As a teacher, I abide by a simple and unusual rule in my classroom:
No compliments based upon physical appearance.
I do not comment on a student’s wardrobe, hairstyle, shoes, or anything else related to the student’s image, even if he or she asks.
Student: Mr. Dicks! What do you think of my new haircut?
Me: I think your memorization of the multiplication tables is outstanding!
Some think this policy a bit extreme, but having grown up wearing hand-me-down clothing and the cheapest of sneakers, I am well aware of the seemingly harmless praise that is often lauded upon the girl in the pretty dress or the boy in the dapper sports coat.
While the student being complimented might feel great, what about the other students in the class, some of whom might rarely be complimented on their appearance?
One person’s compliment is another person’s painful reminder of what he or she does not have.
Besides, as a teacher, a student’s physical appearance is of little importance to me, nor should it matter to any teacher. While I’d like them to be physically fit, I tell my students that I care about their words and deeds. Nothing more.
Even so, it wasn't an easy habit to break, as our society often seems hell-bent on praising a child’s appearance at every turn. It probably took three years to strip all compliments based upon physical appearance our of my teacher lexicon.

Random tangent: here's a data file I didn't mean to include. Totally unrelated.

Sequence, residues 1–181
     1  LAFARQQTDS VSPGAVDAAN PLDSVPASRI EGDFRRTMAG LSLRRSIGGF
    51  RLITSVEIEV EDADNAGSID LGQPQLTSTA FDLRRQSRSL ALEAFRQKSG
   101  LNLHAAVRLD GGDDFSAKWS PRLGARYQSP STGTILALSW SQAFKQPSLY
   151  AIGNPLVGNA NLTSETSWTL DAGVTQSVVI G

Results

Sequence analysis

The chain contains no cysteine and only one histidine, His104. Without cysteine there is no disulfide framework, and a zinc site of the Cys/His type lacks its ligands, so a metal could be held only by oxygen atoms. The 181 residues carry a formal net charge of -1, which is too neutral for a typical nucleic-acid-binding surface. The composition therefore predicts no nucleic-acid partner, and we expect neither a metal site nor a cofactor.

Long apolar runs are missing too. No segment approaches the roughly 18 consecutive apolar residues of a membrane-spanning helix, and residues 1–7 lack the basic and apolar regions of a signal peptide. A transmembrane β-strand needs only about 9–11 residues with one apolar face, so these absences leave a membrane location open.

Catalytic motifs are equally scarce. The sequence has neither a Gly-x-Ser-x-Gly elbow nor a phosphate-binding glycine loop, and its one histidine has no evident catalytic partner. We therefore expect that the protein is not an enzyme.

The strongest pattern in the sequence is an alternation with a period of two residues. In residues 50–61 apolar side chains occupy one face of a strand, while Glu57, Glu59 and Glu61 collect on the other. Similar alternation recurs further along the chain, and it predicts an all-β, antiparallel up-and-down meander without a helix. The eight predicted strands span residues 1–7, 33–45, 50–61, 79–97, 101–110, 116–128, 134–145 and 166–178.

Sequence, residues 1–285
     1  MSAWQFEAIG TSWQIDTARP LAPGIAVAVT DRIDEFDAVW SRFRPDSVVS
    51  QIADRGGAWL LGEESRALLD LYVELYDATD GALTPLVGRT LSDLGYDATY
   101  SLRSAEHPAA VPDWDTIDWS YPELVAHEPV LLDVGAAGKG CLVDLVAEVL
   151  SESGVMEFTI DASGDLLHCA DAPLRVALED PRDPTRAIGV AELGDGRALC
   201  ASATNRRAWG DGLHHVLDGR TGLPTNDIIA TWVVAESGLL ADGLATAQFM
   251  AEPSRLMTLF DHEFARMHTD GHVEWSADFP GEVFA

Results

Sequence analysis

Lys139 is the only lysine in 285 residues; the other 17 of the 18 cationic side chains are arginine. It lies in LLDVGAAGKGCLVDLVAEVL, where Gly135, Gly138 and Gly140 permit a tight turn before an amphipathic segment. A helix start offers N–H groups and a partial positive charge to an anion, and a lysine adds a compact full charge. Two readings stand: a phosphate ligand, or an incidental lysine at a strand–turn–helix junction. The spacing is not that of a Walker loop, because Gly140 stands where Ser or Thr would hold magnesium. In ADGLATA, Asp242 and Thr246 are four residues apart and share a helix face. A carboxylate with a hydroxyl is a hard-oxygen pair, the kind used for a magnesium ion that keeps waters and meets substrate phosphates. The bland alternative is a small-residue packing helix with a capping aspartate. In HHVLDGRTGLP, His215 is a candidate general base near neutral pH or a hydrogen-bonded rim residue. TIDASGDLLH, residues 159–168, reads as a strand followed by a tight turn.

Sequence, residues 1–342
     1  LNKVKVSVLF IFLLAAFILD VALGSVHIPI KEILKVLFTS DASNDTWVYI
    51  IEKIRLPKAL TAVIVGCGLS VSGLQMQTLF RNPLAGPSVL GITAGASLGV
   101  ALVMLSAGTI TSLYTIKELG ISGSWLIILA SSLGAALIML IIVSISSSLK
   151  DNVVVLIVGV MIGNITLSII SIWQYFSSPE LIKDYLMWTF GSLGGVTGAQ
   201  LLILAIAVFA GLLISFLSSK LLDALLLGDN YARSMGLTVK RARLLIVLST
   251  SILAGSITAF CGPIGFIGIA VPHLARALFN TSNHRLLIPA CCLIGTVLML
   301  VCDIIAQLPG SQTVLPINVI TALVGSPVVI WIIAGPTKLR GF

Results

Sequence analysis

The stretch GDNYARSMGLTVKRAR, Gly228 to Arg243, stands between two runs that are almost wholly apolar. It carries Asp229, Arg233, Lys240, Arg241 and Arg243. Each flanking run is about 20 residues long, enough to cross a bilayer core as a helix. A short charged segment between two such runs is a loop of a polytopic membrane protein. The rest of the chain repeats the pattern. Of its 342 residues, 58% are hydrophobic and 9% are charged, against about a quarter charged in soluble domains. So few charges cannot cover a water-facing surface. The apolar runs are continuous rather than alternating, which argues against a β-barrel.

Today, I inform students of my policy on the first day of school, and their response is universally positive and appreciative.
While some adults have understood and even admired this policy, many think that it is unnecessary and even ridiculous.
But not all.
After reading his piece in the New York Times entitled One Hundred Things Restaurant Staffers Should Never Do. I suspect that Bruce Buschel might appreciate my policy on physical appearance. His list includes:
42. Do not compliment a guest’s attire or hairdo or makeup. You are insulting someone else.
While I’m not sure if complimenting a student’s appearance means that you’re insulting another student, there’s a good chance that you are neglecting one or unintentionally making one or more students feel subpar, and that’s bad enough for me.